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Title: Three Mrs. Madderleys Author: Josephine Tey (writing as Gordon Daviot) * A Project Gutenberg of Australia eBook * eBook No.: 1600361h.html Language: English Date first posted: March 2016 Most recent update: March 2016 This eBook was produced by Colin Choat and Roy Glashan Project Gutenberg of Australia eBooks are created from printed editions which are in the public domain in Australia, unless a copyright notice is included. We do NOT keep any eBooks in compliance with a particular paper edition. Copyright laws are changing all over the world. Be sure to check the copyright laws for your country before downloading or redistributing this file. This eBook is made available at no cost and with almost no restrictions whatsoever. You may copy it, give it away or re-use it under the terms of the Project Gutenberg Australia Licence which may be viewed online.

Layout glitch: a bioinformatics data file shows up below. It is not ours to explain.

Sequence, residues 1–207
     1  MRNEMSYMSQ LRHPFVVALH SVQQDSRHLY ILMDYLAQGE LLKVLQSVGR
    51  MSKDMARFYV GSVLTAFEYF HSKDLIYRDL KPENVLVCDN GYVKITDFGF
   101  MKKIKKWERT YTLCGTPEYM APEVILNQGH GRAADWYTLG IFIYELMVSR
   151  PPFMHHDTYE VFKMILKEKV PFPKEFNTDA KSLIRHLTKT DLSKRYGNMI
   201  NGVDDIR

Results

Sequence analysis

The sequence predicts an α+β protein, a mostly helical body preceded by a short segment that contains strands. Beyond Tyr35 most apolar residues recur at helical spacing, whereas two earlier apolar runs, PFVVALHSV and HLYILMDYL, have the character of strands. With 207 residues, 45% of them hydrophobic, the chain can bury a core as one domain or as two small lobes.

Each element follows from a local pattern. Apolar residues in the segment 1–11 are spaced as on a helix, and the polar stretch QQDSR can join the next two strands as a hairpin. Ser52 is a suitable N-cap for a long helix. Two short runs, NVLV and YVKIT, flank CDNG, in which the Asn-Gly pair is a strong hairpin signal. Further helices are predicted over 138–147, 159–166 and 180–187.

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CHARACTERS In order of appearance MARY. MARGOT. WAITER. MARION. The scene is the terrace of a hotel in a fashionable holiday resort. At one of the little iron tables set among the potted shrubs is MARY MADDERLEY. She is going to be forty-one next month, and has never attempted to conceal the fact. Her rather long, kind face is innocent of make-up. Her features, like her clothes, are good; but both lack verve. Her manner is tinged with shyness, and there is an odd suggestion of immaturity about her; as of one who has always lived dependent on another. On the table in front of her is a half-drunk glass of pale sherry. Along the terrace comes MARGOT MADDERLEY. She is twenty. Self-confident, fashionable, very pretty. She has a bored expression and a faintly hard-boiled air; but neither is native to her. The boredom was merely "the thing" in the senior forms at her very expensive school; and the hard-boiled air was "the thing" with her set in the years since she left school. She is being pursued along the terrace, although she doesn't know it, by a waiter clutching a library book. She sits down at the table next to MARY'S, and begins a hunt through her bag for a lighter. MARY.: [Tentatively] If it is matches you are looking for, there are some here on my table. [Her voice is sweet and immature.] MARGOT.: [In a bored contralto drawl] Yes. My damned lighter's lost again. WAITER.: [Coming up, breathless] Madame Madderley? Madame left her book in the foyer. I thought Madame might miss it. [He has the air of a puppy retrieving a stick; proud and willing.] MARGOT.: [Receiving it without enthusiasm] Oh. Thanks. Bring me a pink gin, will you. WAITER.: At once, madame. [He goes.] MARGOT.: [Busy with her cigarette-lighting] Might as well be a convict. MARY.: [Startled] A convict? MARGOT.: As go about with a library book. Name and number indelibly fixed. MARY.: [Smiling a little] Oh. I see. Yes; Cash's used to give me the same feeling. MARGOT.: [Looking at her for the first time] Cash's? MARY.: Those names in tape on one's school clothes. One was labelled down to the very combinations. MARGOT.: Never wore the things. [Relenting] But I remember Cash's. MARY.: [Looking at her kindly] I should hope so. [In answer to MARGOT'S enquiring glance] It can't be very long since you stopped wearing school things. MARGOT.: Between five and six thousand years. MARY.: [Smiling at her a little] You wear remarkably well. [As this produces a more or less friendly glance from MARGOT] Forgive me, but I think I heard the waiter call you Madderley. That's odd, because it is not a very common name, and it happens to be mine too. [She is not being in the least curious; merely friendly.] MARGOT.: [Not interested] Really? Well, it won't be mine for very long. MARY.: Oh? You are going to be married? MARGOT.: No. Divorced. MARY.: Oh; I am sorry. MARGOT.: Don't be. It is what is known as a happy release. [MARY makes a small cooing noise of sympathy.] I made a horrible mistake. I married for love. MARY.: But surely that is the proper thing to marry for! MARGOT.: Next time, I promise you, I shall be highly improper. [Glancing at the ring on MARY'S hand] I see that you wear a ring. Did you marry for love? MARY.: [Warmly] Oh, yes. MARGOT.: And did it work? MARY.: For twenty years it did. MARGOT.: And then? MARY.: He fell in love with someone else. [After a slight pause] Is . . . that what has happened to you? MARGOT.: Oh, no. He dotes upon me. At least, he did until last night. MARY.: Last night? [Relieved] Oh, you mean you have just had a quarrel, and that all this talk of divorce— MARGOT.: [Incisively] Last night is when he will have had my lawyer's letter. MARY.: [Dashed] Oh. MARGOT.: [Pleased] It will be a shock to him. MARY.: Yes, I expect so. MARGOT.: He sees himself as a combination of King Arthur and Gabriel. The Archangel Gabriel. The letter is to say he is a poor fish, a crashing bore, and plain poison. Wrapped up legally, of course, but he will get the general idea. MARY.: Dear me. How long have you lived with this . . . horror? MARGOT.: Eighteen months. Seventeen months and twenty-nine days too long. But I was romantic about him. He looks a little like Gabriel, you see. Stern, and beautiful, and the perfect gent. MARY.: [A far-away look in her eyes] Ah, yes. MARGOT.: You recognise the type? MARY.: Yes. MARGOT.: [Examining her with more interest] You are still in love with your husband, aren't you? MARY.: [Matter-of-fact] Oh, yes. One doesn't fall out of love just because the other one does, you know. That is why I can't help being a little sorry for your poor archangel. If he loves you so much, he is not likely to be cured by a lawyer's letter. MARGOT.: John has never been in love with anyone but himself. MARY.: [Her attention wholly arrested] John? MARGOT.: He dotes on me just as he dotes on his old sherry, and his new golf clubs, and his old Spode. MARY.: [Her worst fears confirmed] Spode! MARGOT.: Yes; china, you know. He collected me, along with the other things. Ah, here is my drink! WAITER.: [Coming up with a tray] One pink gin for madame. MARY.: [In a faint voice] I think I should like one of those. MARGOT.: You haven't finished your sherry. Is it revolting? MARY.: No; but I think I could do with one of these. WAITER.: At once, madame. MARY.: I shall finish the sherry while you are bringing it. WAITER.: Very good, madame. [He goes.] MARGOT.: [Taking her first sip, with satisfaction] John didn't approve of pink gins. MARY.: [Unguardedly] No. MARGOT.: How do you mean, no? MARY.: [Retrieving hastily] I mean, the Gabriel type don't, do they? MARGOT.: No. That is one of the flaws I had as a collector's piece. He was always pointing out my flaws. [MARY'S ears prick a little, as if that had a familiar sound.] I was quite worried about them until I got wise to him. MARY.: Until you . . . ? MARGOT.: Until the halo dropped off. MARY.: [Faintly] Did that take long? MARGOT.: It began to slip towards the end of the second month. By the sixth it had gone. There was a tiny bald spot there instead. I told him about the bald spot, but he was furious and went and spent the night at Marion's. MARY.: Marion. MARGOT.: Marion is John's mother. He said it was to talk about her investments, but it was just because of the bald spot. His mental age is five and a half. MARY.: [Half fascinated, half repudiating] But he is a . . . He is very good at his profession, surely? MARGOT.: [In a that-proves-nothing tone] Oh, yes. A great many lunatics are mathematical geniuses. What a man does in an office is no guide to what he is capable of doing outside it. MARY.: No; no, I suppose not. MARGOT.: It was a shock to find I had married someone aged five and a half. MARY.: Yes. Yes, I suppose it must. MARGOT.: Especially when he is forty-two and looks like Gabriel. MARY.: But . . . [She looks round for some defence of John.] MARGOT.: But what? MARY.: But surely he has—has qualities; great charm, perhaps? MARGOT.: He has so much charm that it drips off him. After a little you don't notice anything but the pool on the floor. MARY.: And is he not faithful? And honest? MARGOT.: Oh, yes. He also washes behind his ears. MARY.: [Giving it up] I am sorry you couldn't make it a success. You are so young and—and vivid. John is bound to miss you frightfully. MARGOT.: [Equably] Oh, no. He has Mary. MARY.: [Electrified] Mary! MARGOT.: His first wife. We lived with Mary. MARY.: But—but how could you? MARGOT.: I couldn't. Mary licked me. MARY.: I don't understand. MARGOT.: Mary was perfect. There was nothing I did from morning till night but Mary had done it better. The only way I was Mary's successor was chronologically. No one arranged flowers like Mary, no one wore clothes like Mary, no one knew how to cure his colds in the head like Mary—and my God, what colds! No one was ever so wise, so kind, so lovely, so intelligent as Mary. Living with John was a bore, but living with Mary was unbearable. I never saw the woman, but if she suffered John for twenty years and still kept his admiration she must have either the soul of a saint or the hide of a rhinoceros. I wish that man would come with your drink. I want another. [Considering MARY] You know, I wouldn't have said that gin was your tipple. MARY.: It isn't, usually. MARGOT.: I hope my matrimonial infelicities haven't brought yours to the surface again. MARY.: I'm afraid they have, rather. You see, I'm Mary. MARGOT.: [Caught off-balance for once] You are! [Considering her anew] Well! [Recovering her poise] That makes John a liar as well as a poor fish. MARY.: John? MARGOT.: He said you dressed better than any woman he ever knew. MARY.: [Humbly] No, I'm afraid I never took much interest in clothes. [Looking at MARGOT with simple admiration] They told me you were pretty. [The emphasis is on "told"; she is merely confirming the fact.] MARGOT.: [Drawling] Thanks. All my own work. Why don't you give chemistry a chance? MARY.: [At a loss] I don't under— MARGOT.: You are much better looking than I am. I know John said you were very economical— MARY.: He said that! MARGOT.: —but five pounds spent in the right places and you would be a raving beauty. MARY.: I suppose it's dreadful of me, but I would rather have the five pounds. MARGOT.: Didn't you do anything to keep John? I mean, when he began to slip. MARY.: It wasn't a slip; it was a landslide. He just came home one day and told me that he had fallen in love with someone else. MARGOT.: I can see him. Very grave, and frank, and noble. MARY.: There wasn't much I could do about it, was there? MARGOT.: You could have shot me, but I suppose it didn't occur to you. MARY.: No. I just hoped that you would make him happy. MARGOT.: [In simple comment] My God! [Cheerfully] Well, now I know why providence kept me from murdering John. MARY.: Why? MARGOT.: So that you could have him back intact. MARY.: [Sweetly and mildly] But I don't want him back. MARGOT.: [Staggered for once] You don't! MARY.: No; I have only just this moment got free of him. MARGOT.: But a minute ago you told me you were still in love with him. MARY.: That was before I heard about all my charming qualities. MARGOT.: What has that to— MARY.: You see, I lived with someone too. Only the person I lived with was my mother-in-law. MARGOT.: Marion. MARY.: Yes. MARGOT.: Not actually? MARY.: No, the way you lived with me. For twenty years I tried to be like Marion. John adored his mother, and I tried not to be a—an anti-climax. But it was difficult. What was it you said: "No one was ever so wise, so kind, so intelligent, so lovely"—as Marion. No one wore clothes like Marion, arranged flowers like Marion—and so on and so on and so on. MARGOT.: Well, I'll be . . .! MARY.: Marion is rather wonderful, of course. So I didn't mind trying to live up to her. MARGOT.: Didn't mind! MARY.: Not actively. I was very humble about myself. After twenty years I was a little tired but still humble, and still trying. When John fell in love with you I took it that I had failed. MARGOT.: And your heart broke. MARY.: My heart cracked wide open. It mended with a click five minutes ago. To be exact, on the word "economical". You're sure John told you I was economical? MARGOT.: Every time a bill came in. Are you not? MARY.: For twenty years he told me daily what a bad manager I was. He was very sweet about it; very patient; always hoping I would do better next time. MARGOT.: [Contemplating it] You know, all we've been, you and I, is a couple of donkeys with carrots dangled in front of our noses. MARY.: With a difference. [In answer to MARGOT'S eyebrows] I ran after my carrot. MARGOT.: You certainly ran. MARY.: You mustn't blame me too much. Marion brought him up to expect perfection. Do you know her? MARGOT.: [Extra sec] We have met. A strong-minded woman. MARY.: Yes. John was stamped in her image before we met. It seemed natural to conform to the mould. She rarely came to see us, and yet she pervaded the house. MARGOT.: You practically stank the place out when I lived there. MARY.: [With a laughing expulsion of her breath] I even came to this place because she used to talk about it. Her sister is married to a clergyman here. Ah, here is the waiter. WAITER.: One pink gin for madame. MARGOT.: O—h, no! We have changed all that. You take that away and bring us a bottle of champagne. MARY.: But I would like to have the gin. I've never had one, you know. MARGOT.: Gin may be good for drowning one's sorrows in, but it is no drink for a celebration. You bring us some Pol Roger, waiter. The best vintage year you have. WAITER.: At once, Madame. MARY.: Very well. But I insist on tasting a pink gin, so you may leave it, waiter. WAITER.: Very good, madame. [He goes.] MARY.: John, as you remarked, didn't approve of gin. [She embarks on her drink with an air of having at last achieved equality with John.] MARGOT.: My blessing on your emancipation. MARY.: It tastes rather like wood shavings. MARGOT.: It gets better as you go on. MARY.: Poor darling John. MARGOT.: Hurrah! MARY.: Why? MARGOT.: You have reached the stage of patronising him. MARY.: I was thinking of the shock that lawyer's letter would be to him. MARGOT.: You were not. You were thinking how nice it was that he was going to be shocked. MARY.: Was I? Perhaps I was. How malicious of me. Oh, well; Marion will be there to hold his hand. MARGOT.: As it happens, she won't. MARY.: No? Why? MARGOT.: Because she is coming down the path from the annexe at this moment. MARY.: Marion is! This path? MARGOT.: In her black-and-white foulard and her garden-party hat. Good God, don't drink gin in a gulp like that! [Raising her voice to greet MARION as she approaches] Hello, there. MARION is a good-looking woman; tall, grey, slender, with a pleasant voice and a firm, composed manner. Her clothes are in excellent taste, and they are worn much better than MARY'S are. MARION.: Margot! My dear child! What are you doing here? MARGOT.: Waiting for a drink. MARION.: And Mary too! How nice. And how very surprising. MARGOT.: Will you have this chair. The champagne won't be long. MARION.: Champagne! You extravagant hussies. Are you celebrating something? MARY.: We are about to celebrate our coming of age. MARION.: My darling Mary, you sound as if you had been celebrating already. Where is John? MARGOT.: It being ten and one-half minutes to one o'clock, John is at this moment descending the second flight of stairs at the office on his way to lunch. MARION.: You mean that John is not here? MARGOT.: Not even in spirit. MARY.: Poor John. [She gives a sudden little giggle.] MARION.: Mary, my dear! [Glancing at MARY'S drink; quite uncensorious] Is that gin? MARY.: It's a pink gin. MARION.: Is that a good introduction to champagne, do you think? And anyhow, why "poor John"? MARGOT.: She is sorry for John because I have left him. MARION.: Left him? Behind? Or for good? MARGOT.: Both. [Genuine] I'm sorry if it distresses you. MARION.: [Slowly] I regret it, of course. It is a pity. But I must confess that from some points of view it may be an excellent thing. MARGOT.: [Aggressive; taking it for granted that MARION thinks that she is good riddance] You do! MARION.: Don't think me harsh, my dear—I'm devoted to John, you know—but I can't help thinking that—well, that he was becoming just the least little bit in the world smug. MARY.: [Into the astonished pause] Marion, you surprise me. MARGOT.: She staggers me. MARION.: Why? MARGOT.: One hadn't expected you to be critical of John. After all, he is your creation. MARION.: Only physically. The rest is Nannie's. MARY.: Nannie? MARION.: You didn't know Nannie. She was my mother's old nurse. A strong-minded woman. [This is what MARGOT has said of her, although she does not know it.] I, being a young widow with a profession to occupy me, had to leave John to Nannie. I may as well confess to you that I was inordinately jealous of Nannie. She always did everything better than I did. MARGOT.: [Her attention arrested] She what? MARION.: [Misunderstanding her emphasis] I mean, things for John. Domestic things. MARGOT.: For instance? MARION.: Oh . . . [she looks round for samples] if I bought him woollies they were too thick and scratched; if I told him stories at night Nannie had told him better ones; if I took him for a walk it wasn't as exciting as Nannie's, because Nannie's walks had ponds in them, and fish, and what not . . . [With the breath of a rueful laugh] I spent the best years of my life trying to live up to Nannie. MARGOT.: [In great delight] MARY! She had a carrot too! MARION.: A what? MARY.: [Happily; making a sing-song chant of it] No one told stories like Nannie, no one arranged flowers like Nannie, no one wore clothes like Nannie, no one was ever so wise, so kind, so intelligent, so lovely— MARION.: Mary, my dear, you are drunk. You are behaving very strangely, you two. MARGOT.: You tell her, Mary. You're a graduate. MARION.: What is all this, Mary? MARY.: Marion, I hate to tell you, but you are a donkey. MARION.: Margot, you appear to be sober. Will you tell me. MARGOT.: It's not gin that Mary's drunk with, but relief. MARION.: Relief from what? MARGOT.: John. She has just discovered that he is a blackmailer. MARION.: Margot, do stop this absurdity, and tell me . . . MARGOT.: Remember the way he used to hold Nannie over your head? MARION.: I don't know that I should put it that way exactly. [But her tone is doubtful; that is just what he used to do.] MARGOT.: He dug a lot of extras out of you with Nannie for a lever, didn't he. [It is statement, not question.] MARION.: You don't put it very elegantly, my dear, but— MARGOT.: [Translating MARION'S "but" into her own idiom] But that was the set-up. Well, he has been using that Nannie technique ever since. For twenty years he held you over Mary's head. And for the last eighteen months he has held Mary over mine. MARION.: Mary! Is this true? Mary, pay attention! MARY.: [Dreamily] I never noticed before what a nice face you have, Marion. MARION.: [Sharply] Mary! Did John make me into a bogy for you? I could never forgive him for that. MARY.: [Kindly] Not a bogy, exactly. Just a carrot. MARION.: A carrot! Oh . . . [light dawns] Oh, I see what you mean about the donkey. Yes, of course. That is just what we have been. But to think that John . . . I can't believe it. MARY.: Do you mind if I ask you something, Marion? It's something rather personal. Are you very good at arranging flowers? MARION.: I loathe arranging flowers. A fiddling business. Why? MARY.: Yes, I was afraid of that. Dear me, the hours I have wasted. I remember once throwing away some lovely herbaceous things and starting again on sweet-peas at the last moment, because they wouldn't come right. MARION.: You mean, because I was coming? MARY.: I wouldn't be surprised if you're not even punctual. It was just John's way of getting his meals on time. MARION.: Is that how . . . [words fail her] The . . . [she looks round for an appropriate epithet for her son, and at last finds one] the MONSTER! You have no idea how much I tried to be a nice mother-in-law. Not coming too often, or interfering, or offering advice, or being last-generation about things. I was so pleased with myself, too! I prided myself on being a model mother-in-law. And all I've been is a bogy. MARY.: Not a bogy, Marion; just a— Before she can say "carrot", the WAITER comes up with the wine. WAITER.: The wine for madame. MARGOT.: Yes, that looks all right. Open it. WAITER.: Perhaps if it cooled a little longer . . . MARGOT.: No, we'll drink it now. Bring a third glass. Oh, you've brought one. WAITER.: I saw madame arrive. MARY.: Don't look so sad, Marion. MARGOT.: That isn't sorrow. It's helpless rage. MARION.: You are right, Margot. When I think of my wasted opportunities. The things I could have done. MARGOT.: With what? MARION.: The back of a hair-brush. MARGOT.: Don't take it too hard, Marion. John's a genius in his way. To use the same technique on three generations and get away with it . . . MARY.: Two generations, Margot. Only Marion and I were fools. You saved the honour of womanhood. MARION.: Mary darling, I doubt very much whether you should have champagne. What are we going to drink to? [Exit WAITER.] MARGOT.: To the damnation of John. MARION.: To our emancipation from John. MARY.: No; no, we will drink to Margot. MARION.: To Margot? MARY.: Because she belongs to a generation that will have no more Johns. MARION.: [Laughing] To you, Margot, with all my heart! MARY.: To Margot! MARGOT.: [Heartily agreeing] To me! CURTAIN